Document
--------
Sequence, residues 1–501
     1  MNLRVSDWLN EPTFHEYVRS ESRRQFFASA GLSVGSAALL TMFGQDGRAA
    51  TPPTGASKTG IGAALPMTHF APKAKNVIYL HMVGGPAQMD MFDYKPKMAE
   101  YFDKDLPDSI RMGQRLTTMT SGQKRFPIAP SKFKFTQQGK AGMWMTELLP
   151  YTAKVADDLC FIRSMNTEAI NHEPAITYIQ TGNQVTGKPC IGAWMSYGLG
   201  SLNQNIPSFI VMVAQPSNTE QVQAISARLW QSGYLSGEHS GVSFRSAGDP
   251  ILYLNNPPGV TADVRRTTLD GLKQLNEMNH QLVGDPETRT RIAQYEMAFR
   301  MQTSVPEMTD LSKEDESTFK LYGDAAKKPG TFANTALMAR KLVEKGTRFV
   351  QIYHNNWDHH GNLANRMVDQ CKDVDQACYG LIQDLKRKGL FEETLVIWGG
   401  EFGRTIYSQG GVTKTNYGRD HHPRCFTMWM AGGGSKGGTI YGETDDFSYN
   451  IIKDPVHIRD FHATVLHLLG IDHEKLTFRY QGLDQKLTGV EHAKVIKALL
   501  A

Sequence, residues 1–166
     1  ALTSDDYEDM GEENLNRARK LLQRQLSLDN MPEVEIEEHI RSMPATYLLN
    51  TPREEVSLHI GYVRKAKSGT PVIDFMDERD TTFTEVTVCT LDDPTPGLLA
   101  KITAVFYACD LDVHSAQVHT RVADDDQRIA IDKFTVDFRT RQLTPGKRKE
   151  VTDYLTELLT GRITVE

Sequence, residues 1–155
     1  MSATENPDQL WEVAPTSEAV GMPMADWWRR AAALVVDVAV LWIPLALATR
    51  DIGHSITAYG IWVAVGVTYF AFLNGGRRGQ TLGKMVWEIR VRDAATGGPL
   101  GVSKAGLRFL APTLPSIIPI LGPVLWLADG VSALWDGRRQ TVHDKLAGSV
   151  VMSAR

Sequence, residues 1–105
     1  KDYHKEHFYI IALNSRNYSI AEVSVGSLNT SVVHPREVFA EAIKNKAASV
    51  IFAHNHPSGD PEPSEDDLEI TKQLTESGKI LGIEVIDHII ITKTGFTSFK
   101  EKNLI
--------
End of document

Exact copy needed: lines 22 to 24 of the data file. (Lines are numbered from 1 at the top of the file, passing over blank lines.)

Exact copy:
   151  VMSAR

Sequence, residues 1–105
     1  KDYHKEHFYI IALNSRNYSI AEVSVGSLNT SVVHPREVFA EAIKNKAASV